Brown took photos of the access road and entrance that were affected and texted them to battalion chief Kevin Skipper, who previously worked as the fire department’s deputy fire marshal and still assisted with some fire prevention activities upon request of administrators. Skipper was off-duty that day. Brown did not tell his lieutenant he was contacting anyone in the fire prevention division and was not instructed to do so. Brown does not have the authority to do so in his position with the fire department, Pell said.
After they got back to the fire station, the lieutenant who was Brown’s supervisor that day called his supervisor to report the fire safety concerns at the store. Meanwhile Skipper forwarded the photos to the fire marshal and offered to go to the store to address them. The marshal spoke with Skipper and determined it wouldn’t be necessary, then called the on-duty battalion chief to address the issue. The battalion chief already had heard the concerns from the lieutenant, who had properly reported the issue up the chain of command.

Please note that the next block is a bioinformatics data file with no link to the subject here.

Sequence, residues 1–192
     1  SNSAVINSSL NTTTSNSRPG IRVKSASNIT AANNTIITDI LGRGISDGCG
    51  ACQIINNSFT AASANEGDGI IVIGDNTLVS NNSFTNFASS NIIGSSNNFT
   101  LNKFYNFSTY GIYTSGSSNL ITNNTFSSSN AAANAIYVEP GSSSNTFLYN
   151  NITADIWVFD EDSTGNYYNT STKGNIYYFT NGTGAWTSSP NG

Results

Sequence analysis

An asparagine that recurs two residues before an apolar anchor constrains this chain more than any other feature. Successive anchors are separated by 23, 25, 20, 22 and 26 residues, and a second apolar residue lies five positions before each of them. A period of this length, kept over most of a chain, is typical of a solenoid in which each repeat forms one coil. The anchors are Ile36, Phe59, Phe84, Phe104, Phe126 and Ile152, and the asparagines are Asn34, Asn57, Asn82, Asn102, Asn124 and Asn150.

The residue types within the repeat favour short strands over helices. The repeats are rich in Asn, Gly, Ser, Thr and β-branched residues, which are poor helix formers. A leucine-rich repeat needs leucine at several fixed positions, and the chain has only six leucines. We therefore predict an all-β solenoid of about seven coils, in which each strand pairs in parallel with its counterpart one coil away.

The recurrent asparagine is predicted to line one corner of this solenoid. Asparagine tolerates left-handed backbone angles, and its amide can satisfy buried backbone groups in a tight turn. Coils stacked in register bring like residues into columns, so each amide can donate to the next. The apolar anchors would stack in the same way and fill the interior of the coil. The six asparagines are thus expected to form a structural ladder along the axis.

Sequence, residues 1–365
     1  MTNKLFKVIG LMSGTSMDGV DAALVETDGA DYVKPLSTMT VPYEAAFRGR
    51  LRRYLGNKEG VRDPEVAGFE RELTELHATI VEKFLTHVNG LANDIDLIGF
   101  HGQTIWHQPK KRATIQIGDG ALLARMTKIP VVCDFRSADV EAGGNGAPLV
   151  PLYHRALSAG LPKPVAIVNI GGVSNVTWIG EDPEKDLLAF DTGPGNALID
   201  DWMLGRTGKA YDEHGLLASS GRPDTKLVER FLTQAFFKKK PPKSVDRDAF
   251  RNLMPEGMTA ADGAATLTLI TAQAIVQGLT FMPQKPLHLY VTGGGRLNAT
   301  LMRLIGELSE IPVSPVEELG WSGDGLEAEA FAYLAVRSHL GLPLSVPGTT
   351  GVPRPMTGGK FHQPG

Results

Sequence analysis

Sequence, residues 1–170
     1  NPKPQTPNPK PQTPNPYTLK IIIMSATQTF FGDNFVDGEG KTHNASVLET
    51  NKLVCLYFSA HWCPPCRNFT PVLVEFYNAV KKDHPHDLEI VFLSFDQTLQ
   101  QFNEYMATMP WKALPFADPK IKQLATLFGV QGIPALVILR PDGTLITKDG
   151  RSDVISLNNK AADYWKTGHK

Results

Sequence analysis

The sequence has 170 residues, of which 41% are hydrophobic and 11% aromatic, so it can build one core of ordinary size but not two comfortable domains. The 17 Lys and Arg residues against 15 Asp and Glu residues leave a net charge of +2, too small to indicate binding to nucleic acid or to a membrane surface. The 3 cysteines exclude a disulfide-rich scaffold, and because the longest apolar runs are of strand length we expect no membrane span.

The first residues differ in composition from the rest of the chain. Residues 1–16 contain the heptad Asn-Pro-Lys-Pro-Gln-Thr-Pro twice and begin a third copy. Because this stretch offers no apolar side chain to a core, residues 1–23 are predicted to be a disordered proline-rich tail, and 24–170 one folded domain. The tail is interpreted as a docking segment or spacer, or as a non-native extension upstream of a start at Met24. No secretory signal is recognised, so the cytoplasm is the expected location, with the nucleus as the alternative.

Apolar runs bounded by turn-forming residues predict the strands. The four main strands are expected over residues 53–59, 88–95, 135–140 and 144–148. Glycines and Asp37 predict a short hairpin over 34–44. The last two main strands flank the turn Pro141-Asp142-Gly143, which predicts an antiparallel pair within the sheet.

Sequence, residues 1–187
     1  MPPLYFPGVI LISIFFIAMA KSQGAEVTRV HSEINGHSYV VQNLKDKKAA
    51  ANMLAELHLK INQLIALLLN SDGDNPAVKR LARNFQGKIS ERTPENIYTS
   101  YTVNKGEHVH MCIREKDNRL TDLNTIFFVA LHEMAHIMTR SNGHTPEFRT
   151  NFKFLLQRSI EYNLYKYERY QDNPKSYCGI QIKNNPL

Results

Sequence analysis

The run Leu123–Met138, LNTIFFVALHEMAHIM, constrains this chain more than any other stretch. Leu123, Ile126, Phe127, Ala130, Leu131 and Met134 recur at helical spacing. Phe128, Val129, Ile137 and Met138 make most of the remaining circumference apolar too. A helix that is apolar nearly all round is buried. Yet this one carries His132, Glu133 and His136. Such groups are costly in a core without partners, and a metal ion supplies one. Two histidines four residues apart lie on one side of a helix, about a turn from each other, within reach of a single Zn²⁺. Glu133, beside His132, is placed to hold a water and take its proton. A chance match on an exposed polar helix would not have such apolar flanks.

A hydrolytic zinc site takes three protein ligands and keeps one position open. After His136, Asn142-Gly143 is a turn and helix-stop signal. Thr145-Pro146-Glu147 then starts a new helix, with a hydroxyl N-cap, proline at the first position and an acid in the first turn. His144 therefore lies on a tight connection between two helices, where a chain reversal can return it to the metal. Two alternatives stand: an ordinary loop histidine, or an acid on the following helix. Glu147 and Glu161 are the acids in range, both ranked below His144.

“There is no argument that there was something going on there and there is no argument that it was being handled. Back to the chain of command, we can’t have every firefighter go and complain about every business. So you send it through the chain of command, and those officers have expertise and know what’s going on in the community and fire department that day,” Pell said.
Fire marshal Michael Arany testified during a discipline hearing that he wasn’t surprised that Brown had sent the photographs to Skipper, because he thought Brown “knew he could get under (Skipper’s) skin and probably make him go up there that minute and go look at it,” according to the document.